Outcomes of hydroxychloroquine usage in United States veterans hospitalized with Covid-19
|Title||Outcomes of hydroxychloroquine usage in United States veterans hospitalized with Covid-19|
|Date||April 21, 2020|
A retrospective analysis of 368 hospitalized COVID-19 patients in United States Veterans Health Administration medical centers who were treated with hydroxychloroquine alone (n=97), hydroxychloroquine and azithromycin (n=113) or standard therapy (n=158). Risk of death was determined to be significantly higher in the hydroxychloroquine group (p=0.03), but not in the hydroxychloroquine and azithromycin group (p=0.72) in comparison to the control group.
This study has faced multiple criticisms, including greater baseline morbidity in treatment groups compared to control group as well as use of hydroxychloroquine in late stage COVID-19.
There was a significant difference in baseline characteristics between the treatment and control arms in this retrospective analysis. One key baseline difference is a higher percentage of patients with lymphopenia (low levels of a specific type of white blood cell) in the hydroxychloroquine treatment arms compared to control arm. The study showed lymphopenia was approximately twice as prevalent in the HCQ arms (24.7% in hydroxychloroquine alone, 31.0% in the hydroxychloroquine and azithromycin arm versus 13.9% in the standard therapy arm, p = 0.021). This difference is notable because lymphopenia has been shown to correlate with higher mortality risk in COVID-19.
The difference in patient morbidity can be explained clinically by the likelihood that deteriorating patients were more likely to receive treatment with an experimental therapeutic such as hydroxychloroquine as opposed to patients who were stable or improving.
The study’s conclusions are only supported when including patients who received hydroxychloroquine before and after intubation. As shown in Tables 3 and 4 (“Table 3. Outcomes based on treatment exposure” and “Table 4. Outcomes based on pre-ventilation treatment”), a subgroup analysis of patients who were treated prior to intubation shows no difference in mortality rates (10% in the hydroxychloroquine group, 10.9% hydroxychloroquine and azithromycin group, and 8.4% in the control group, chi-square=0.47, p=0.79). This is highly suggestive that a rather large percentage of patients must have received treatment with hydroxychloroquine after intubation to result in the study’s final conclusion that hydroxychloroquine results in an increased mortality risk.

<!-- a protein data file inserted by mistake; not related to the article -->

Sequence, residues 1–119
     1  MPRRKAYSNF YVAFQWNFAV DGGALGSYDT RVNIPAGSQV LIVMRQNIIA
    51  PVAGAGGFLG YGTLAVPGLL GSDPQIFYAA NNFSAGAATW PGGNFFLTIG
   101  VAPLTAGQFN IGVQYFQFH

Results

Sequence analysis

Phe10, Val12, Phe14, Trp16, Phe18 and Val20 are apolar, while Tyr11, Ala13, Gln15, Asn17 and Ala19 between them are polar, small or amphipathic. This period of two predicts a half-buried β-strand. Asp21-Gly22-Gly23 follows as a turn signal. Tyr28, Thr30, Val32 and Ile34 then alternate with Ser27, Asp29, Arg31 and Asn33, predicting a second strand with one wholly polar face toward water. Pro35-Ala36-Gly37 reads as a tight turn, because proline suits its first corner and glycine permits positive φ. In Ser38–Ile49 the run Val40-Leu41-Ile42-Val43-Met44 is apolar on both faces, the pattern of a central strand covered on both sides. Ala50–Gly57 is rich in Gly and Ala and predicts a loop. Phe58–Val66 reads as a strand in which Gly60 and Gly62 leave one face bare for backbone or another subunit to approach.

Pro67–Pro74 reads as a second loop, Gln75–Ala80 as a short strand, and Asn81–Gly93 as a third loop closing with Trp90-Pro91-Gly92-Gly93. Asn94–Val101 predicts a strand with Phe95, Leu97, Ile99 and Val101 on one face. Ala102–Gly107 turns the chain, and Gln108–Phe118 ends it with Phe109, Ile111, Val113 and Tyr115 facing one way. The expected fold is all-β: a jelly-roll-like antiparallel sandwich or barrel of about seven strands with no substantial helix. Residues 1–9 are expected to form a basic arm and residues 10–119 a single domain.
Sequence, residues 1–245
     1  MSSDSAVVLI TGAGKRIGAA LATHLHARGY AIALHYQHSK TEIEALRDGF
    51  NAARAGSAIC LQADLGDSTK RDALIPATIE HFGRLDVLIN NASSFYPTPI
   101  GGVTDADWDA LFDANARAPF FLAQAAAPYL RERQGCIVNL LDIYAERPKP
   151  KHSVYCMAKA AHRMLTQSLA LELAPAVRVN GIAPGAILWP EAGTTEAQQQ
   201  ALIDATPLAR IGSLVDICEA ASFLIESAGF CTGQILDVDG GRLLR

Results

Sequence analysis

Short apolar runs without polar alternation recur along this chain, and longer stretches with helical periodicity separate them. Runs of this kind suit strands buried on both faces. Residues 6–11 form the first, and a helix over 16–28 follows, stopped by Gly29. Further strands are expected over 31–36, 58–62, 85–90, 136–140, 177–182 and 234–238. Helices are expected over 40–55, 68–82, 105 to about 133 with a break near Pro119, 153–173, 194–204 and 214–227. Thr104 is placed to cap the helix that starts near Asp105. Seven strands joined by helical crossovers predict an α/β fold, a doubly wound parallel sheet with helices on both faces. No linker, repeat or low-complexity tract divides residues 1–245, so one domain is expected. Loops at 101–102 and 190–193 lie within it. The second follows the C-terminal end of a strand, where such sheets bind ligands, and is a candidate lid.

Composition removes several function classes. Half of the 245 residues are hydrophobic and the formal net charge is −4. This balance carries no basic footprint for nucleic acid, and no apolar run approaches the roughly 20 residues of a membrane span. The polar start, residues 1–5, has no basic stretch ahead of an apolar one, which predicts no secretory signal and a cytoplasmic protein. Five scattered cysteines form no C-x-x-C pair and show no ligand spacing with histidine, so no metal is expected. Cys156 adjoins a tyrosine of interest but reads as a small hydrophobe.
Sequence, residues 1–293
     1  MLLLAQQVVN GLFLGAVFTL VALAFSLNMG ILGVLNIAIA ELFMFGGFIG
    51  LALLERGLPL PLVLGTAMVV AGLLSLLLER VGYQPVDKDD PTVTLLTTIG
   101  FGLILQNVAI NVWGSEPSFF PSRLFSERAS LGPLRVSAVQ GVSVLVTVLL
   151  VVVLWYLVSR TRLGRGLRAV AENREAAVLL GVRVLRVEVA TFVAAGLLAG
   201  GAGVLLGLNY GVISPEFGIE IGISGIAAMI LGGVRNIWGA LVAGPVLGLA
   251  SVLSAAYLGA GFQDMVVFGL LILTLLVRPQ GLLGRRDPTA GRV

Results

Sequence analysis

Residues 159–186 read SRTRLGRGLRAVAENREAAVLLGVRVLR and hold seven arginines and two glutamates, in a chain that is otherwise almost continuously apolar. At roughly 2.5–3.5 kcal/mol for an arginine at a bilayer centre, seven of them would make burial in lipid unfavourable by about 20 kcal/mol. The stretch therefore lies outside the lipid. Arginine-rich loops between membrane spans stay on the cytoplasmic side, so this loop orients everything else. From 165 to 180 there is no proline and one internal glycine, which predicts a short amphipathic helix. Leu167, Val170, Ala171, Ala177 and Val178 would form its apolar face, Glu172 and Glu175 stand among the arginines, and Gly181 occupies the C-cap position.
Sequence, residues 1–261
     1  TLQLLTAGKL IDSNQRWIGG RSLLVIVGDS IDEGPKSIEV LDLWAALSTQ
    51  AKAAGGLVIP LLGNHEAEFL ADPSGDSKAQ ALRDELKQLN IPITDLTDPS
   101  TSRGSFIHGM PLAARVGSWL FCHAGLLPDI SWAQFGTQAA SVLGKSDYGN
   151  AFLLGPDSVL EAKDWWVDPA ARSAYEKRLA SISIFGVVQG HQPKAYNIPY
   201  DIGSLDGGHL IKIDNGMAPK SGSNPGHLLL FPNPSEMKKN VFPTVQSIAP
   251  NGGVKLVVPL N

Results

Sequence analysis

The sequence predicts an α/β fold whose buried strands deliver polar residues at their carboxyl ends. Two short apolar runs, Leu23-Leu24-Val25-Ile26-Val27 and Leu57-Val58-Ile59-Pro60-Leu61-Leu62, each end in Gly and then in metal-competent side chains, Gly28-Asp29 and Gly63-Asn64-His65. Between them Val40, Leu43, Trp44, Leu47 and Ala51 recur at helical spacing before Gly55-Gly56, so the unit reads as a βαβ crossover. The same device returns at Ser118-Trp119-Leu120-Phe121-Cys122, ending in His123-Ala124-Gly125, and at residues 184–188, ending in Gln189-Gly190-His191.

It’s estimated that treatment with hydroxychloroquine takes between two and three days to reach a supposed therapeutic level. Thus, it is likely that patients who received hydroxychloroquine after intubation did not reach a meaningful blood level until several days after deteriorating to the point of requiring mechanical ventilation.
Nearly 30% of patients in the control group received azithromycin, and are not distinguished or analyzed in any meaningful way. This could potentially confound the results considering that azithromycin has in-vitro efficacy against SARS-CoV-2. Undetermined at this time, it is possible that azithromycin used alone and not in combination with hydroxychloroquine has a clinical benefit.
With the exception of this study, there was little to no reputable evidence that hydroxychloroquine use was associated with increased risk of mortality in patients with COVID-19. Yet, days after the preprint was published, the FDA issued a warning on the use of hydroxychloroquine in treatment of COVID-19 stating, “adverse events included abnormal heart rhythms such as QT interval prolongation, dangerously rapid heart rate called ventricular tachycardia and ventricular fibrillation, and in some cases, death.” Based on the timing of this announcement and evidence of harm limited primarily to the VA study, it is likely this study bolstered the FDA’s concern that resulted in this warning.
The effect of the FDA’s warning was decreased patient enrollment in ongoing US clinical trials evaluating hydroxychloroquine in treatment of COVID-19.
The results of this study are limited to treatment in late stage disease. Although the study does not specify mean time between symptom onset and treatment, high mortality rates show a very sick cohort of patients who likely began treatment in late stages of the disease and in some cases even after intubation. This study is not relevant regarding prophylactic or early treatment of COVID-19, which is the treatment approach with the most evidence of positive benefit, albeit limited to mostly observational and retrospective data.
No revisions at this time.
- Tan L, Wang Q, Zhang D, et al. Lymphopenia predicts disease severity of COVID-19: a descriptive and predictive study. Signal Transduct Target Ther. 2020;5(1):33. Published 2020 Mar 27. doi:10.1038/s41392-020-0148-4
- Million, M; Roussel, Y; Raoult, D (April 2020). “Response to Magagnoli, MedRxiv, 2020”. Mediterranee Infection. Retrieved on 25 June 2020.
- Perinel, S; Launay, M; Botelho-Nevers, E et al (April 2020). “Towards Optimization of Hydroxychloroquine Dosing in Intensive Care Unit COVID-19 Patients”. Clinical Infectious Diseases. https://doi.org/10.1093/cid/ciaa394
- Andreani J; Le Bideau M; Duflot I, et al (April 2020). “In vitro testing of combined Hydroxychloroquine and Azithromycin on SARS-CoV-2 shows synergistic effect”. Microbial pathogenesis. Retrieved on 25 June 2020. doi: 10.1016/j.micpath.2020.104228
- US Food and Drug Administration (April 2020). “Hydroxychloroquine or Chloroquine for COVID-19: Drug Safety Communication - FDA Cautions Against Use Outside of the Hospital Setting or a Clinical Trial Due to Risk of Heart Rhythm Problems”. Retrieved on 25 June 2020.